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Has America got the blinkers on about its big bargain day?

Things are different in America - still. Despite all the togetherness of the internet and super-easy air travel, you can even today be surprised (for good or ill) at what's going across the Atlantic. This blog, borrowing its title from the legendary Alistair Cooke, aims to keep you in the picture about things you might not otherwise know.

I knew it was Thanksgiving by the thud the morning paper made on the doormat. It wasn't the pages of news covering the Israeli ceasefire. It was the four pounds of store fliers (I weighed them!) in a printed Black Friday plastic bag, encouraging me to venture out the following day for the bargain of a lifetime .

One of the ads in my bundle!

The "following day", I say, Black Friday - but that's pretty loose. The stores have been opening earlier and earlier as the years have gone on: 6am , 4 am, 2 a.m - many have now settled for midnight , and Sears have settled for 8pm today, that's right, Thanksgiving itself.

Black Friday of course refers to the day that all the stores get into the black for the year. It's the start of the mad shopping sprint to Christmas. It's difficult to believe that Thanksgiving was once celebrated as the holiday free from commercialism. Not so many years ago Black Friday didn't exist.

So what are the bargains in my four pounds of bumf?

From Sears a "doorbuster" 32" HDTV for $97 (save $150); From Verizon a 7" Galaxy tablet for $99.99: or you can buy a Nook E-reader from Target for less than half price, $59 or a Canon L319 digital camera fora half-price $99.99. Most of the deals are one day only, some encompass Saturday. So get out there.

Ignoring their indigestion the great American public rush to respond - and things can get out of hand. Walmart is still fighting a $7000 fine from four years ago for not controlling the crowd when a customer was trampled to death in the rush at one of their stores in New York state. Walmart has spent millions fighting the case; it's an important matter of principle they say.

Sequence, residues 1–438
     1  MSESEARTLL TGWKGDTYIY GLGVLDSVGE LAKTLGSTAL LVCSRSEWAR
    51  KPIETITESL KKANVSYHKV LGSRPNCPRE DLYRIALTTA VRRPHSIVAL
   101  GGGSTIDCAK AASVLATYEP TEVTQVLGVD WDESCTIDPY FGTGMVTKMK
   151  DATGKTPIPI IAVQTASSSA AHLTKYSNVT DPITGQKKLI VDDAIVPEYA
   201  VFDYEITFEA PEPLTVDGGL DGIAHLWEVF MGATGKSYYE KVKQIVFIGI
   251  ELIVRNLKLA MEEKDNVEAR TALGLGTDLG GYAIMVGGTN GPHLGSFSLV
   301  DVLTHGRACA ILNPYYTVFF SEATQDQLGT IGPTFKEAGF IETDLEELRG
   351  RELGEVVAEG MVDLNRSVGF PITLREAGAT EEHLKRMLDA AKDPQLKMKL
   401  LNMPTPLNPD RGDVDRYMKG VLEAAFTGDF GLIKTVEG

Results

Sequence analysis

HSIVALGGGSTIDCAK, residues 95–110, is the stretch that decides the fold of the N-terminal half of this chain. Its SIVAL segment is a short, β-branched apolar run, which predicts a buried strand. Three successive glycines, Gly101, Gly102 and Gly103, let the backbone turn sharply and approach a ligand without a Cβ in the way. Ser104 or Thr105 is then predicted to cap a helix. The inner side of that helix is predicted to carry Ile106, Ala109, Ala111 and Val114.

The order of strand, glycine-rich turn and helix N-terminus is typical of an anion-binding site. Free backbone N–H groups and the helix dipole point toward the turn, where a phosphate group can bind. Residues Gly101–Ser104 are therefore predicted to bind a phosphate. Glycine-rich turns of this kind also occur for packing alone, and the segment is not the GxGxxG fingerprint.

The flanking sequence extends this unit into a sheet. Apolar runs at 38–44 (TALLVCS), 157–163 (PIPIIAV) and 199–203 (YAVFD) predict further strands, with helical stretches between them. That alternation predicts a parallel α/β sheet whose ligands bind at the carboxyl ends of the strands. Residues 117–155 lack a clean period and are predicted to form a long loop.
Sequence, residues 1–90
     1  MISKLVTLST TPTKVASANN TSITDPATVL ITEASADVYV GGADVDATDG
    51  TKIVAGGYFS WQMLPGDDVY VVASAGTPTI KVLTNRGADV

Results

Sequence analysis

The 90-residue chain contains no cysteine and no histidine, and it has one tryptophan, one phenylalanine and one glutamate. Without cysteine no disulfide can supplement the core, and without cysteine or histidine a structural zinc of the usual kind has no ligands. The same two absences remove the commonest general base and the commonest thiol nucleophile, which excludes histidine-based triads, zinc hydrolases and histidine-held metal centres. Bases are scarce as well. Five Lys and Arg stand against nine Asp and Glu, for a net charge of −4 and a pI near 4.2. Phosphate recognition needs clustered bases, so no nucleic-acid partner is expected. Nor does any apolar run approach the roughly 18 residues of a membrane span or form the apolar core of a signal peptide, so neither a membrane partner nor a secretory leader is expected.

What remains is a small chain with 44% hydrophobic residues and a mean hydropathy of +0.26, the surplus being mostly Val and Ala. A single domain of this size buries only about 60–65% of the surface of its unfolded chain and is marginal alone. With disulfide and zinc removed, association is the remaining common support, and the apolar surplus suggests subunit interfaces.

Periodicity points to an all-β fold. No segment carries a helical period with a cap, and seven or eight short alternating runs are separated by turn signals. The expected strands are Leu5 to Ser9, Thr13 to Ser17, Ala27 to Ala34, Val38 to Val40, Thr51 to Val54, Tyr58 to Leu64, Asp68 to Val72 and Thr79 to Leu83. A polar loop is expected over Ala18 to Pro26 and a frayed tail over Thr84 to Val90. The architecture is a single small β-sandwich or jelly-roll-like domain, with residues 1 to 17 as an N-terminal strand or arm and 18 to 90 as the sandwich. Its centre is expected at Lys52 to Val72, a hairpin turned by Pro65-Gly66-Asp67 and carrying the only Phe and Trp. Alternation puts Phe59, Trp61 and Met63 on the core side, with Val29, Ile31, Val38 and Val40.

So leave it to the ever-pragmatic Wall Street Journal to puncture the myth of the super-bargains.

Says the WSJ:"Every Black Friday, retailers lure shoppers in the cold, predawn hours to wait in long lines with the promise of one-day-only deals that can't be beat. And every year, shoppers ask themselves, "Is this really worth it?"

The answer, it turns out, is often no, says the Journal.

The WSJ and price-data firm Decide Inc. analysed some of this year's Black Friday deals - and found that many were available at lower prices at other times of the year — sometimes even at the same retailer.

Decide looked at more than 500 Black Friday doorbusters advertised by stores such as Sears , Target and Best Buy - and found nearly one-third of the products had been sold at lower prices this year.

Sears is advertising a KitchenAid Artisan Series Stand Mixer for $319.99 this Black Friday. Decide found the retailer offered the same mixer for $296 in March.

Home Depot is advertising a General Electric Co. Adora dishwasher for $598 on Black Friday, saving $151. Last month, the retailer was selling that same dishwasher for $538, Decide found.

The 32 gigabyte, fifth-generation Apple iPod Touch that Best Buy is advertising for $294.99 on Black Friday was $10 cheaper last week.

Decide did however, find that many of the bargains appeared to be genuine.Rob Docters, of McKinsey & Co.'s pricing practice, said retailers are likely counting on consumers to assume this week's advertised sales are the best of the year.

"People associate Black Friday with good prices, and that eliminates the need to check price," he said.

Boston Globe columnist Yvonne Abraham takes a cynical view of the whole shebang, describing Black Friday as "that most American of holidays, commemorating the triumph of marketing over reason."